The two bathroom were on the street side of the house and as additions or alterations to this side of the house was made impossible by local zoning codes we allowed the existing asymmetry of the spaces to become a design feature. We accentuated the master bath by opening up the shower with a glass wall and built in seating and added cabinetry that echoed the angularity.

Mt. Washington Craftsman Remodel

Mt. Washington Craftsman Kitchen Remodel
The Craftsman aesthetic was a reaction to the design excesses of the Victorian period and the industrialization of ornament. It was a period where the dignity of the raw material was accentuated. Stain grade wood was mostly saved for the rooms the public were allowed into whereas kitchens were primarily paint grade areas seen only by the maid or the woman of the house. Today however our kitchens are public areas where family and friends join our lives. They cook with us or keep us company.

When remodeling this classic kitchen we repurposed some of the old framing lumber as cabinetry in order to infuse this room with the organic materiality so often only reserved only for the public rooms of the Craftsman era. We re-sawed the wood into doors and drawer fronts to expose the tight grained elegance of the old growth Douglas fir. We also used some v-groove Douglas fir paneling we had salvaged from a home that was being demolished for end panels and wainscoting treatments. This combined this with the elegance of a Carrera marble countertop and the simplicity of a traditional 3×6 backsplash created an unsophisticated kitchen that echoed the charm of the other stain grade rooms in the house.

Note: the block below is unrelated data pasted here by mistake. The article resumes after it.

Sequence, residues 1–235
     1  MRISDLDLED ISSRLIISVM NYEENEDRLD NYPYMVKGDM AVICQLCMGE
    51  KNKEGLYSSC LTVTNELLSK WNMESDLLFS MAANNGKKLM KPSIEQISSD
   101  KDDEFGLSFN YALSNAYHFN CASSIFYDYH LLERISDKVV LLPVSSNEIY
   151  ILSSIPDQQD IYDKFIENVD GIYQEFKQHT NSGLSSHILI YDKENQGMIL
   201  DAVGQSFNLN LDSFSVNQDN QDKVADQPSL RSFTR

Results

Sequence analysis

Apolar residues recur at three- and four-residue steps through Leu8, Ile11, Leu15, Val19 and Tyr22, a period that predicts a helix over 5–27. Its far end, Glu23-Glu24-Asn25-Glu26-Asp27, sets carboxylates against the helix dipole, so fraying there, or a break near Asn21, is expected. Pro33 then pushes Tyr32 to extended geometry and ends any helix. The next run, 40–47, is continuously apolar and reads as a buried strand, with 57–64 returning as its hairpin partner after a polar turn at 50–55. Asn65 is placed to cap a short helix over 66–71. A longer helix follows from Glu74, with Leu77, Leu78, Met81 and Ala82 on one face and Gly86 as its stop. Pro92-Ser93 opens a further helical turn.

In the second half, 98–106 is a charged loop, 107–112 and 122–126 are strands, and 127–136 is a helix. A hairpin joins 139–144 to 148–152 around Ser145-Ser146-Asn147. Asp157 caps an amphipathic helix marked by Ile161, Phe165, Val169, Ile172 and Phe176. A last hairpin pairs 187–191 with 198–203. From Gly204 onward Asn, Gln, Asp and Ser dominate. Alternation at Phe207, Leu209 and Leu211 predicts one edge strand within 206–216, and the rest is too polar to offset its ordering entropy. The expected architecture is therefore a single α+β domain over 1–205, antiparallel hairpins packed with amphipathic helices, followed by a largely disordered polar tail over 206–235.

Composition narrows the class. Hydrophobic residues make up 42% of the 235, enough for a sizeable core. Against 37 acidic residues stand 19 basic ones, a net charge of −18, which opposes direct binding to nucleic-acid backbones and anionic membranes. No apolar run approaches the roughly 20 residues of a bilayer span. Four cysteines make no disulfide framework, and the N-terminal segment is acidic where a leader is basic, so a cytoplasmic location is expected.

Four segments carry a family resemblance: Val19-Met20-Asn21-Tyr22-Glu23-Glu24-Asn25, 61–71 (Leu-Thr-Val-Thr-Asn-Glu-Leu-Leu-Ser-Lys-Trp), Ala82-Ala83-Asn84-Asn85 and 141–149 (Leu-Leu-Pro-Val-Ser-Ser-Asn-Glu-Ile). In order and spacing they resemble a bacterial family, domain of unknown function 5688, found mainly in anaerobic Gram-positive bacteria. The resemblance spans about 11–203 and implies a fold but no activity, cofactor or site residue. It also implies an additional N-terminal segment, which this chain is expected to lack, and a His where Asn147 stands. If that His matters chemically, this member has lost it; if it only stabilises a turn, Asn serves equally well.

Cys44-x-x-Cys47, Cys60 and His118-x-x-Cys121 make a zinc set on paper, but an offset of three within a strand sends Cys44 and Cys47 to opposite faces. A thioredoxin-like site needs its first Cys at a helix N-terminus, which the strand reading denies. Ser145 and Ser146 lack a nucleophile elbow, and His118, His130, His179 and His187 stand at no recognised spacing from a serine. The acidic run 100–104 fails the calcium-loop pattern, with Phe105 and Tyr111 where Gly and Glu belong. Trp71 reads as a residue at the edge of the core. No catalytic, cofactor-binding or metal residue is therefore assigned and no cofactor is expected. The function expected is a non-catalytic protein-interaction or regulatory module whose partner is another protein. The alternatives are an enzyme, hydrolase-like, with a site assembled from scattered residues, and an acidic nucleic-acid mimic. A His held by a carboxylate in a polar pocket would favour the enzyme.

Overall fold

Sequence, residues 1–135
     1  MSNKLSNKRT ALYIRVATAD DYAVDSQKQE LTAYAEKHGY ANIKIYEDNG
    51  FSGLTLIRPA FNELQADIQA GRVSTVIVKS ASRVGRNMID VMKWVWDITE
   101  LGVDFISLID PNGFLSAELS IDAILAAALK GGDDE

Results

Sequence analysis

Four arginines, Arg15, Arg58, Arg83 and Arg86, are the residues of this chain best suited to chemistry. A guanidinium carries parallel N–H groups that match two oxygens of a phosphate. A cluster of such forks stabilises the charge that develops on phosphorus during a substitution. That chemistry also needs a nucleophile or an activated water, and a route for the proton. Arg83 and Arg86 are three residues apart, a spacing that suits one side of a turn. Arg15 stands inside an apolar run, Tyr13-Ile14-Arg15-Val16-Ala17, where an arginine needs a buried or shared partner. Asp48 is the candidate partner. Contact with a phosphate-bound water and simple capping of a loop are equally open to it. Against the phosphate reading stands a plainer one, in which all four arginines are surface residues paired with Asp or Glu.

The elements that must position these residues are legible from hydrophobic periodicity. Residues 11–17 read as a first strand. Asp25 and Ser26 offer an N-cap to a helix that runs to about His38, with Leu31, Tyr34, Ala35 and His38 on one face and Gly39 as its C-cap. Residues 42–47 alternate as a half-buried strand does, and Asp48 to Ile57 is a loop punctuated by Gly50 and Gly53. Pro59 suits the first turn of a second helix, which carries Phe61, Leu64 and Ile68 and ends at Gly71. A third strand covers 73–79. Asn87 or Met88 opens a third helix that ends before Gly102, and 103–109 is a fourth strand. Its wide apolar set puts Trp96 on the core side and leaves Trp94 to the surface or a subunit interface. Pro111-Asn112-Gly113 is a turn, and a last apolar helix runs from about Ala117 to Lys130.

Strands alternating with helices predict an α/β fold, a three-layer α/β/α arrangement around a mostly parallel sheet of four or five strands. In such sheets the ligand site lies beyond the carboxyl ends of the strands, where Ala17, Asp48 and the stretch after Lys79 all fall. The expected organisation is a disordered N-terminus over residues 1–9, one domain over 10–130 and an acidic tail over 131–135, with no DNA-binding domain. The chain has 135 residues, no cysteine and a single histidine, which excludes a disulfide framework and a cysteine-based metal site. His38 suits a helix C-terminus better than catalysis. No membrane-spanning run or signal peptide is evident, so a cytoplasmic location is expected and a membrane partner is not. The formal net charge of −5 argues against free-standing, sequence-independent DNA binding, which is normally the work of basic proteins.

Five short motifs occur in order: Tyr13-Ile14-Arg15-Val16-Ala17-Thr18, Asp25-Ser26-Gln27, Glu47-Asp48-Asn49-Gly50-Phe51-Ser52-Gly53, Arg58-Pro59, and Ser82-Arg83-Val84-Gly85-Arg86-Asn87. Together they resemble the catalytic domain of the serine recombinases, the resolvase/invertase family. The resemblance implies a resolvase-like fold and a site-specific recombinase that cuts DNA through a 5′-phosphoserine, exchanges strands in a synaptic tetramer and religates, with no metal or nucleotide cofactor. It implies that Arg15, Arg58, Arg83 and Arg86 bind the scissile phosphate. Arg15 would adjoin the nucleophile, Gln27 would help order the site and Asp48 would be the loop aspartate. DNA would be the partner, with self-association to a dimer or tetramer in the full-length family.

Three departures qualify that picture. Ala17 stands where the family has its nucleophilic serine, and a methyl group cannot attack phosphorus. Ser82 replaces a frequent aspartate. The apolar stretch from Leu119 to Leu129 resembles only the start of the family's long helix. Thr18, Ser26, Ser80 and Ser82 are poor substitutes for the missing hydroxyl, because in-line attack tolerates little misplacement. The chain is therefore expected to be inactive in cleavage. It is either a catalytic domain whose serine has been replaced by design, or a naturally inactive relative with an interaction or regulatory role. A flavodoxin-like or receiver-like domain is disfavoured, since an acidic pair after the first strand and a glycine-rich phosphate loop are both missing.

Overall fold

Mt. Washington Craftsman Bathroom Remodel
Bathrooms from the turn of the 20th century where sometimes referred to as laboratories. Indoor plumbing was a recent invention and germs a modern discovery. With influenza viruses sweeping the globe in the first quarter of the century, killing more people than the Black Plague, bathrooms were designed to be washed down, to be spotless, to be hygienic.

This bathroom utilizes the classic sanitary white subway tile bringing it up the wall surrounding one in tile. The sculptural elegance of a period pedestal sink acts as a visual anchor for the room. The glassed in shower allows the tile and period shower details to become a part of the room rather than a hidden space, opening up the room for a more open feel.